MRI records scanned during their visits in the past two years. There are ten MRI series, including diffusion tensor image
(DTI), for each visit. After registering all series to the corresponding DTI scan at the first visit, annotated normal and
tumor regions were overlaid. Intensity value of each pixel inside the annotated regions were then extracted across all of
the ten MRI series to compose a 10 dimensional vector. Each feature vector falls into one of three categories:normal,
tumor, and normal but progressed to tumor at a later time. In this preliminary study, we focused on the trend of brain
tumor progression during three consecutive visits, i.e., visit A, B, and C. A machine learning algorithm was trained using
the data containing information from visit A to visit B, and the trained model was used to predict tumor progression from
visit A to visit C. Preliminary results showed that prediction for brain tumor progression is feasible. An average of
80.9% pixel-wise accuracy was achieved for tumor progression prediction at visit C.
Prostate cancer is the second most common type of cancer among men in US . Traditionally, prostate cancer
diagnosis is made by the analysis of prostate-specific antigen (PSA) levels and histopathological images of biopsy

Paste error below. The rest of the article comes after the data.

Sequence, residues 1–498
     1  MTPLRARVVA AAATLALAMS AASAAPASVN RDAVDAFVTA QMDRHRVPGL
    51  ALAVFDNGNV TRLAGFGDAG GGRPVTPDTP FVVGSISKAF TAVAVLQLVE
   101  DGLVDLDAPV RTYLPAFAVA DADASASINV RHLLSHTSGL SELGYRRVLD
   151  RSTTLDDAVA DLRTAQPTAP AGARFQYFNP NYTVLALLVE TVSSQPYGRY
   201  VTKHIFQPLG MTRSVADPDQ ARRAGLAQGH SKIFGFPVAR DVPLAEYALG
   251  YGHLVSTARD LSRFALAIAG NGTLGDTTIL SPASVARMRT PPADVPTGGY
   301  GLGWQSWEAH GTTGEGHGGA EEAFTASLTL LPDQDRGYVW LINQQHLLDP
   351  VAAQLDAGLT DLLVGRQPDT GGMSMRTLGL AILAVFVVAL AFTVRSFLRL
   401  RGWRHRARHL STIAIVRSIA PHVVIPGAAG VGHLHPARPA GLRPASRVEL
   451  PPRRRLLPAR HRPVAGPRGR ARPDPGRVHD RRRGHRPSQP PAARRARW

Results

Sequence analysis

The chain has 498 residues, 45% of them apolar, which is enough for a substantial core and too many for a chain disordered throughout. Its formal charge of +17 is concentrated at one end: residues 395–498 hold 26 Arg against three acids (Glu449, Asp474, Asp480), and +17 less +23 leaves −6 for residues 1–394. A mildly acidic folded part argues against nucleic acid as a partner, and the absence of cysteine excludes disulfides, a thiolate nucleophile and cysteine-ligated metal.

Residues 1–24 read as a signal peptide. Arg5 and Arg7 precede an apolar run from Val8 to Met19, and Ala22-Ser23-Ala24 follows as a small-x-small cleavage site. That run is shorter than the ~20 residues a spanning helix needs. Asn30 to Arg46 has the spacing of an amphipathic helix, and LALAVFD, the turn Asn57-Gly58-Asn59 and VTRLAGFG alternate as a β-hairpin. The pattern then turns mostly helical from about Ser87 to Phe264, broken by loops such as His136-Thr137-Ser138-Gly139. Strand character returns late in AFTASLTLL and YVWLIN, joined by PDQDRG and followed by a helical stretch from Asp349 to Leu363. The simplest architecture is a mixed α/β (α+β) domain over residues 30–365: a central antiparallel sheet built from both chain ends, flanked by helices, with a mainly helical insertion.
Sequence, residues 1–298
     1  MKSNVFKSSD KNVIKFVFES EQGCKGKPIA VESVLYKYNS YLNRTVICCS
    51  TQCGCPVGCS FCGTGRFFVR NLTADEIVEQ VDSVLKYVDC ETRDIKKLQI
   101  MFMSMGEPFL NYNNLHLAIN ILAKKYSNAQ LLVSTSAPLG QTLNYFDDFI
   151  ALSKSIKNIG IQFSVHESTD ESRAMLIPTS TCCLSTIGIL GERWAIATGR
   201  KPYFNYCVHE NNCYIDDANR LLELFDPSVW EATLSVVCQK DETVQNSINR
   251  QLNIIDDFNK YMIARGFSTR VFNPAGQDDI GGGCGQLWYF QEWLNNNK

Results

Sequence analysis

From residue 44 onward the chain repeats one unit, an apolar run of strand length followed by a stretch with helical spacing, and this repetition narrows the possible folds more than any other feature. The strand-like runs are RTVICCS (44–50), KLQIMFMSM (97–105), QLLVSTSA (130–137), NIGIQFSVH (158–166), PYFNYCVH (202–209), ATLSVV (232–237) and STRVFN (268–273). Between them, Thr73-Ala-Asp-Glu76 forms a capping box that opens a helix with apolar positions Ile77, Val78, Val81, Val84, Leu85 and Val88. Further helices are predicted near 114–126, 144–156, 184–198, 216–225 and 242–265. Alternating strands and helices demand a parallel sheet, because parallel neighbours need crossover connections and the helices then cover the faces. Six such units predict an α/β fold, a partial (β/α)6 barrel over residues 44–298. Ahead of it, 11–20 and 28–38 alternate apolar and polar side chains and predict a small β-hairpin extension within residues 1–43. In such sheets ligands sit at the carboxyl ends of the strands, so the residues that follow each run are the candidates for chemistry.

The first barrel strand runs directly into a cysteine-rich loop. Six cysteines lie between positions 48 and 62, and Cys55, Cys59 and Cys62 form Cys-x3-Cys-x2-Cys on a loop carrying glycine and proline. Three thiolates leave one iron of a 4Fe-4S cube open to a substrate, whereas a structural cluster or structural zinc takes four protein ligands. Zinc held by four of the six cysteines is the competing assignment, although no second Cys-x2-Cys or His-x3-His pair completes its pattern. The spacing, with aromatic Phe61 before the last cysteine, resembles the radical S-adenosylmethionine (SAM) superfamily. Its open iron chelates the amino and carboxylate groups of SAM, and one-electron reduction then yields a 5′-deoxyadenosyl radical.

samples under microscopes. Proteomic biomarkers can improve upon these methods. MALDI molecular spectra imaging
is used to visualize protein/peptide concentrations across biopsy samples to search for biomarker candidates.
Unfortunately, traditional processing methods require histopathological examination on one slice of a biopsy sample
while the adjacent slice is subjected to the tissue destroying desorption and ionization processes of MALDI. The highest
confidence tumor regions gained from the histopathological analysis are then mapped to the MALDI spectra data to
estimate the regions for biomarker identification from the MALDI imaging. This paper describes a process to provide a
significantly better estimate of the cancer tumor to be mapped onto the MALDI imaging spectra coordinates using the
high confidence region to predict the true area of the tumor on the adjacent MALDI imaged slice.
Clinical MRI images are generally corrupted by random noise during acquisition with blurred subtle structure features.
Many denoising methods have been proposed to remove noise from corrupted images at the expense of distorted
structure features. Therefore, there is always compromise between removing noise and preserving structure information
for denoising methods. For a specific denoising method, it is crucial to tune it so that the best tradeoff can be obtained. In
this paper, we define several cost functions to assess the quality of noise removal and that of structure information